Family Matters: Fair vs. Equal – are they the same?
Many parents believe that assets should be equally divided among their children. This includes real estate, securities, artwork and even household items. Of course this also includes the family business. The idea that some of the children — or even one child —would inherit the family business to the exclusion of others can be unthinkably “unfair.”
But consider the reality of many family businesses. Often, not all of the children work in the business. For those who do work in the business, their efforts are directly contributing to the company’s success and value. They share their parents’ entrepreneurial spirit and ambition. It would make sense that they be rewarded for their efforts and control the future of the company.
For children who are not active in the company, even partial business ownership may not make sense. They can’t make controlling decisions, their ownership is generally illiquid, and their interest in the company is probably minimal.
A Different Division of Assets
Instead of equality, aim for fairness.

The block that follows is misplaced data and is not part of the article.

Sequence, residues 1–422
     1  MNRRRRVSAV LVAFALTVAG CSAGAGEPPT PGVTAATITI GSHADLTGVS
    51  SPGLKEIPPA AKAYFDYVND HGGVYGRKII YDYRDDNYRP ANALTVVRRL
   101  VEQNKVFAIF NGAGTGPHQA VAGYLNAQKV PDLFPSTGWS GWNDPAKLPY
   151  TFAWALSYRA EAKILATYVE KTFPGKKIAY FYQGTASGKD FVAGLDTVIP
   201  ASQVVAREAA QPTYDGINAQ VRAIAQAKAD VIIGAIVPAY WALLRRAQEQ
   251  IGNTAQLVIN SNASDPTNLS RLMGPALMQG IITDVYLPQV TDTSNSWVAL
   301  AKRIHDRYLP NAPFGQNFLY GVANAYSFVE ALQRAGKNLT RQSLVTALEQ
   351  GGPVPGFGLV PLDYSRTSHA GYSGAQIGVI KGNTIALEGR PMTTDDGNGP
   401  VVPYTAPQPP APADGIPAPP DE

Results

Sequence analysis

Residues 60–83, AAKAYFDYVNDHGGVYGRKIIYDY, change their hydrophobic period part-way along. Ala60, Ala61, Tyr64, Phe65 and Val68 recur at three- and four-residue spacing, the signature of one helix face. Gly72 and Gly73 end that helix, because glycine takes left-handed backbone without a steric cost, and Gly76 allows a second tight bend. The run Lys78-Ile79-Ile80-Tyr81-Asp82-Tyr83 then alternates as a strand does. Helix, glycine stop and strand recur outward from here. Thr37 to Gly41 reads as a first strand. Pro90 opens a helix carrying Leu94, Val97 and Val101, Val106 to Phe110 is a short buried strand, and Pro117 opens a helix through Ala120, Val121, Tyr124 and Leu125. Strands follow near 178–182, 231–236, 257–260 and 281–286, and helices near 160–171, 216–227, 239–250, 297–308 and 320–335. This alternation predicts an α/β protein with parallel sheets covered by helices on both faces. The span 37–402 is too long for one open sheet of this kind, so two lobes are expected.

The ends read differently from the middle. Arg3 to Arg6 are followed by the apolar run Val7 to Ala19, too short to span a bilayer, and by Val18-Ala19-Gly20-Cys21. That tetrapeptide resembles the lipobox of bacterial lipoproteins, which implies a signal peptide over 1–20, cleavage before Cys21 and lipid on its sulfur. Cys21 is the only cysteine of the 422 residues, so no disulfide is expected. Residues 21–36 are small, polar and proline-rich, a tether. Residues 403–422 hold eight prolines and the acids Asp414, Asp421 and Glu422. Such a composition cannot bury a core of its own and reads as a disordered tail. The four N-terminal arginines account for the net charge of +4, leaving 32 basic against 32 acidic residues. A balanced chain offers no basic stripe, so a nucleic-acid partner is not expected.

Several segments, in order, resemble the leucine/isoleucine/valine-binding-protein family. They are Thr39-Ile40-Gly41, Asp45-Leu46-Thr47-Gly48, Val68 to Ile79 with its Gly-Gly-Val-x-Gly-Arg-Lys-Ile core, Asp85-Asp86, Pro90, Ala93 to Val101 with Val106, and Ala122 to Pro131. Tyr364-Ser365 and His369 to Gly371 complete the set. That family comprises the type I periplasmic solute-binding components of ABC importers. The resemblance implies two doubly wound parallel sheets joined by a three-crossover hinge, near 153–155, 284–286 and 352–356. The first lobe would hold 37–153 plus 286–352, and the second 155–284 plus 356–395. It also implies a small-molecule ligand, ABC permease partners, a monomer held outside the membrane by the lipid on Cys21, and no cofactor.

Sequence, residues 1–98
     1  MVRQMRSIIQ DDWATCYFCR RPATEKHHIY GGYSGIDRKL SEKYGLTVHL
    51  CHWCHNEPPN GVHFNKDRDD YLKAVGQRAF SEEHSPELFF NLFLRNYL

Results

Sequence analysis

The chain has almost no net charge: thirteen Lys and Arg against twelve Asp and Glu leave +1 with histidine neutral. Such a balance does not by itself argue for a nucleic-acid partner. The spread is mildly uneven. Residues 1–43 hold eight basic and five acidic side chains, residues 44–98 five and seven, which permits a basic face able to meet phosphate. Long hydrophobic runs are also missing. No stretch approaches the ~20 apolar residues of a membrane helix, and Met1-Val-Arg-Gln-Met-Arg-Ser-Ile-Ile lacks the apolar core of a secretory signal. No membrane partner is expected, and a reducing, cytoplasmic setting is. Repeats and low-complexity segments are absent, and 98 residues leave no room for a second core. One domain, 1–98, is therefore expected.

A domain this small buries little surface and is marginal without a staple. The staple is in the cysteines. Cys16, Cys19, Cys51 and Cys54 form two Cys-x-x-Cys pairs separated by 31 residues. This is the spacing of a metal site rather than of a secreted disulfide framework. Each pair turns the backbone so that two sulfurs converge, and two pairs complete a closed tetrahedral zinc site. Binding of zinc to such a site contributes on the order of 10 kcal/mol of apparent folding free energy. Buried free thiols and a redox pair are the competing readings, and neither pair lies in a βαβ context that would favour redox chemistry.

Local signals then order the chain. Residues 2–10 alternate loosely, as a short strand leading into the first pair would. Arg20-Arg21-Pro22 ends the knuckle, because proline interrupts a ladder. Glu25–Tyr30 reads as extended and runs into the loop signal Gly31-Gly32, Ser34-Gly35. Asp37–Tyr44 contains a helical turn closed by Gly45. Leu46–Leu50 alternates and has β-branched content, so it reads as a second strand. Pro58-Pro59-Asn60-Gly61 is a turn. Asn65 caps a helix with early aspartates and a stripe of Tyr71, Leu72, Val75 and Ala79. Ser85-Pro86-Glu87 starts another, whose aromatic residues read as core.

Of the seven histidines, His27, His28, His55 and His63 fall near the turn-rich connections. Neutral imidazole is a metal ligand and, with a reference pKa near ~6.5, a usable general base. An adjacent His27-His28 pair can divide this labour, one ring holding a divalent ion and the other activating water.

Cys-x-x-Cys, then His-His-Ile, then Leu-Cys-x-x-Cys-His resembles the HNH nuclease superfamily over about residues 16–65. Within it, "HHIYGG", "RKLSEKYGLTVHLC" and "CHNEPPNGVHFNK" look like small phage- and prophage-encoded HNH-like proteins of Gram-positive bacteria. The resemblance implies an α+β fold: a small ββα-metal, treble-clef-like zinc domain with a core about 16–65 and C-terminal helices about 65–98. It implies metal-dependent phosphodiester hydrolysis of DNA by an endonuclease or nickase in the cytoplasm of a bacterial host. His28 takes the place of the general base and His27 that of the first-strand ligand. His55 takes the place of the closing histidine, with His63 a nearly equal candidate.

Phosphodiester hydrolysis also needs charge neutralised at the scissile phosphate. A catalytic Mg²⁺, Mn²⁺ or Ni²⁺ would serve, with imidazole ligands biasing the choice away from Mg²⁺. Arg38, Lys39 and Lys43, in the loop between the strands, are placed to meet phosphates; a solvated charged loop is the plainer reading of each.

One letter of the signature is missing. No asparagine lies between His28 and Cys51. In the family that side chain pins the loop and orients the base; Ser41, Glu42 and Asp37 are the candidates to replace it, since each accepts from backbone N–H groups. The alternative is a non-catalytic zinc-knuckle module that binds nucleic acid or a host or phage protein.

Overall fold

A fair distribution of assets may mean that different assets are given to different children based on their needs and desires. In other words, the transfer becomes more about the children’s concept of fairness than the parents’ concept of equality. For example, perhaps the business is indeed passed along to the child who is actively working in it, and the other siblings receive other assets of equal value.
Of course this is often easier said than done because the business is often substantially more valuable than all the other assets combined. If this is the case, timing of the transfer is crucial because of the tax issues involved. For example, owners may want to structure the transfer to minimize estate taxes. Another consideration is the sweat equity of the child working in the business – is the business his or her “reward”?
This can be a complex undertaking, so it is wise to lay the groundwork for a “fair” transfer while the parents are still active, healthy and involved in the company. To do so, take time and carefully consider a strategy that will result in equitable treatment of all the children. Involving a trusted financial advisor in this plan is crucial so that estate and gift tax consequences can be incorporated into the plan.
Because the children may assume that equal distribution is what they have in store, a family meeting to explain the strategy and the thinking behind it can be helpful.
Recognize that it may take some time to get everyone used to the idea that equal isn’t necessarily fair. For most families, “fair” is ultimately the intended outcome.